Although he came into the valley on 24 July, he made no public comment about the location until, on 27 July he dragged himself, still ill, to the top of what is now known as Ensign peak. From that perspective he could see with his eyes the scene he had seen in Nauvoo in vision, confirming that they had truly found the right place. Both to the original pioneers and to later Saints, Brigham Young made it clear that they had reached the place Joseph had looked forward to and where he had longed to be.
Fulfilling his temple-related mission required a temple on a smaller scale that could be built more quickly and St. George filled the requirement.
In earlyjust months before his death, he there completed his temple-related responsibilities—and one more commitment to Joseph. In a sweeping reorganization, he revitalized the Church from top to bottom, putting in place dozens of new leaders and also more complete organization and procedures that would help govern the Church for a century see Hartley. This, too, he saw as connected to temple and to the mission and responsibility given him by Joseph Smith.
That done, he was ready to meet both his Mentor and his Maker. According to his daughter Zina who was present, on 23 AugustBrigham Young quietly passed away after looking upward and saying the words: Throughout his life Brigham Young defended the character and testified of the uprightness of Joseph Smith.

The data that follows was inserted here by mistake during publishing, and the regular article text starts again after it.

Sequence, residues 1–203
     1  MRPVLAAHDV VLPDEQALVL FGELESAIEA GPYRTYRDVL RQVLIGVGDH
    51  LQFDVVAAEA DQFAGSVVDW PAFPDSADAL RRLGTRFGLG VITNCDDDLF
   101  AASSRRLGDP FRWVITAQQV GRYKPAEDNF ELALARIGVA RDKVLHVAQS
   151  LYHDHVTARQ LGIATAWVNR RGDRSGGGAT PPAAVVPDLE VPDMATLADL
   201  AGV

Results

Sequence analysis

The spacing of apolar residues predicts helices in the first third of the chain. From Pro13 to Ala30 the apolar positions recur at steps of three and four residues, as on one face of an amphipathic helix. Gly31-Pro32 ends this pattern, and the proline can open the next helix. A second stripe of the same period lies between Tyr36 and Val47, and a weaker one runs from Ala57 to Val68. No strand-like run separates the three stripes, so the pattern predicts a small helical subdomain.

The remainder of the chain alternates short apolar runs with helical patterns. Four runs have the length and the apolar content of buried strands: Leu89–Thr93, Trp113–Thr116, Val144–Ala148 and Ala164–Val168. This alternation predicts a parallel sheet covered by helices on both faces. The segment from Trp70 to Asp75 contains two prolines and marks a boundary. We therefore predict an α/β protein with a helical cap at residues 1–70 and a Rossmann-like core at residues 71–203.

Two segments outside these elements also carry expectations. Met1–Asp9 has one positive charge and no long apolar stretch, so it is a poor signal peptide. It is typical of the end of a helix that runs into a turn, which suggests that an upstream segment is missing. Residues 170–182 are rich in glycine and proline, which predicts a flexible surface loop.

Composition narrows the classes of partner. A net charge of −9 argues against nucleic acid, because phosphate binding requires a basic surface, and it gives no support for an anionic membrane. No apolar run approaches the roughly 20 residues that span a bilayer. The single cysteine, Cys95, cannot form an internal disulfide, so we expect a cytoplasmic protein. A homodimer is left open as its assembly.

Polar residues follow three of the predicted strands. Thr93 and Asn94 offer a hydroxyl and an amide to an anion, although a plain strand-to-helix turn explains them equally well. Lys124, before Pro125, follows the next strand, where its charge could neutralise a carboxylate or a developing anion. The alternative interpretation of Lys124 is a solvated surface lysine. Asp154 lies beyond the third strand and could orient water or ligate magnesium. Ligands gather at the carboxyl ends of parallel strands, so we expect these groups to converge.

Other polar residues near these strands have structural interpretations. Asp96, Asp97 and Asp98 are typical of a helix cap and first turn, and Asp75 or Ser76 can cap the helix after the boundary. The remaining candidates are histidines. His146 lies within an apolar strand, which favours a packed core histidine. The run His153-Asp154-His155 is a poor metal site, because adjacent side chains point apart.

Smith, 1 Jun In this age when public figures so often fail to measure up in their private lives, the testimony of an intimate friend like Brigham Young is significant: As private friend and public associate, Brigham Young knew Joseph Smith as well as any man—a fact that adds weight to his testimony of Joseph as Prophet of God.
Bibliography Esplin, Ronald K. Two years later, he was baptized into the Mormon church, and the same year went to Canada as a missionary. Ina recent widower, he led several friends and much of his family to join Joseph Smith and the gathering of Zion in Kirtland, Ohio.
PBS - THE WEST - Brigham Young
The rest of Young's life was spent in service to the Mormon Church. He went to Missouri in when hostile gentiles non-Mormons threatened the Mormon community there, traveled the eastern states as a missionary, and staunchly supported Joseph Smith when the Kirtland settlement foundered in The next year he followed Smith to Missouri, and when anti-Mormon mobs drove the community out, helped organize the move to Nauvoo, Illinois.